Lilla cites Lanzmann’s refusal to accept Arendt’s view of the Holocaust as a technocratic phenomenon presided over by bureaucrats as one of the director’s key tenets: Arendt’s perspective is viewed as tantamount to accepting the death camps as a wholly explicable, inevitable event. Nevertheless, in Baluty, Paula Biren, who entered the ghetto as a teenager, details the bureaucratic machinations that made Chaim Rumkowski, the man appointed as the head of the Lódź ghetto, universally hated by other Jews under his command.  The contempt Biren describes is quite congruent with Arendt’s disdain, even though Rumkowski’s misguided diligence in attempting to save the Jewish community through obeisance to Nazi dictates did not prevent him from perishing in Auschwitz in 1944. Of course, Rumkowski, known for his ruthlessness, is a much less complex figure than Murmelstein—and Lanzmann certainly says nothing in his defense. But Biren’s description of Rumkowski’s futile bureaucratic maneuver to nurture a submissive Jewish work force in Lódź could easily have been incorporated into Arendt’s argument.
Noah’s Ark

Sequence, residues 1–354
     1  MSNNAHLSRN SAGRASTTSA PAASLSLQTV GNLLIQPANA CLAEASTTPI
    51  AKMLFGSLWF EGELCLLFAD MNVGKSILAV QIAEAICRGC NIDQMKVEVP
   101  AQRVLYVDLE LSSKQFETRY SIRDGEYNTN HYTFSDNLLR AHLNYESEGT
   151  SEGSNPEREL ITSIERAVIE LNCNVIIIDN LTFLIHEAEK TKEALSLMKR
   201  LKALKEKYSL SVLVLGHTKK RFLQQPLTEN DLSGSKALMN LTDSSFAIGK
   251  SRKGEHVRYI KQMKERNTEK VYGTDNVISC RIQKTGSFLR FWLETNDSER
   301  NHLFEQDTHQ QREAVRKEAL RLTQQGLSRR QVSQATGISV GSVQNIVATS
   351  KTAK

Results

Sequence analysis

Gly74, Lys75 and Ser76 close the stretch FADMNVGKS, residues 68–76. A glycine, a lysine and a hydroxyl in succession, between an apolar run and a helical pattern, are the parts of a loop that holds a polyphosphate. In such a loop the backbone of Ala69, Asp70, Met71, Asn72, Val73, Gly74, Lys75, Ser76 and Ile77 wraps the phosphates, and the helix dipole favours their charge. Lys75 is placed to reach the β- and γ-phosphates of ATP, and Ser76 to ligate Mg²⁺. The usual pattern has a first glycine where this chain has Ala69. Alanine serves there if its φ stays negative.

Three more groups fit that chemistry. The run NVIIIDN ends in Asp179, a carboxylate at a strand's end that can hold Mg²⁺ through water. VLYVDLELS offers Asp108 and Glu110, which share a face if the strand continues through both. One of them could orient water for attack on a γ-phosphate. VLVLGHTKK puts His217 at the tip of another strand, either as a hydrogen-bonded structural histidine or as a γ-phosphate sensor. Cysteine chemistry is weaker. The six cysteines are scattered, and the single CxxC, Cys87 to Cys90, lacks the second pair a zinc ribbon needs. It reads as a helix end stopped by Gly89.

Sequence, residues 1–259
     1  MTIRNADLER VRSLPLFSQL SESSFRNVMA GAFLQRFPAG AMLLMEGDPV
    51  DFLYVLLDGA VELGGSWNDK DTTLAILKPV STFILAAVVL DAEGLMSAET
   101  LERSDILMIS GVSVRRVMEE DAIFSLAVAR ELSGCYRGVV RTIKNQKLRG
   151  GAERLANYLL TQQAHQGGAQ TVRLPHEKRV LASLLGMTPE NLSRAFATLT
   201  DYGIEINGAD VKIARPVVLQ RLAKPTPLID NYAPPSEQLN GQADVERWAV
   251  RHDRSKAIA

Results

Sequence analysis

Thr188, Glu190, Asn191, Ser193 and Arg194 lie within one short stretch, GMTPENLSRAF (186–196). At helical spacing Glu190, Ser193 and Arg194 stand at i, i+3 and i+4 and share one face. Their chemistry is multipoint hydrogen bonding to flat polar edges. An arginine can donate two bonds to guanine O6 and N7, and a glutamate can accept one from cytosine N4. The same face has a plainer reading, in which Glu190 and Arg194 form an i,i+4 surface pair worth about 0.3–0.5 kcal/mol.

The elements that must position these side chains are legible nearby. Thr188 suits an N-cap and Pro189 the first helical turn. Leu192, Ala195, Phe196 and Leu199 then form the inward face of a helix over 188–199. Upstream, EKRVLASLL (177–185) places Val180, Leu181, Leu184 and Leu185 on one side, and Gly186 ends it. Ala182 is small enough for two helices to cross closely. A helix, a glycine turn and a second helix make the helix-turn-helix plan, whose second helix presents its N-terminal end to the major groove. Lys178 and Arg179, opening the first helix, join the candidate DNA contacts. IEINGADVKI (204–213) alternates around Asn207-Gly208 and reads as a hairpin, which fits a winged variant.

The case of the Hungarian Jewish leader Rudolf Kastner, whose activities are discussed in Noah’s Ark, is more complex and disturbing. Noah’s Ark is devoted to the testimony of Hannah Marton, a woman who grew up in Cluj, which was once a Hungarian city but is now on Romanian soil.  Marton survived because she was the beneficiary of Kastner’s negotiations with Adolf Eichmann to save a small number of Jews from extermination and transport them to what was then called Palestine.  Accused of being a collaborator, Kastner has been pilloried from both ends of the ideological spectrum.  In Eichmann in Jerusalem, Arendt unravels Kastner’s rationale for cooperating with the authorities to rescue 1600 Jews, zeroing in on Eichmann’s belief that his unlikely ally in the Jewish community was saving “the best biological material.”  After Kastner settled in Israel and accepted a post in Ben Gurion’s government, a right-winger with a previous association with Lehi, usually considered a terrorist group, assassinated Kastner. Yet the Kastner case also inspired a huge controversy within the British left that is still reverberating.  A production of Jim Allen’s play Perdition, which Ken Loach signed on to direct at the Royal Court Theatre in 1987, was cancelled when accusations proliferated that Allen’s interpretation of Kastner’s career, designed to cement links between the Zionist elite and the Nazi hierarchy, verged on anti-Semitism.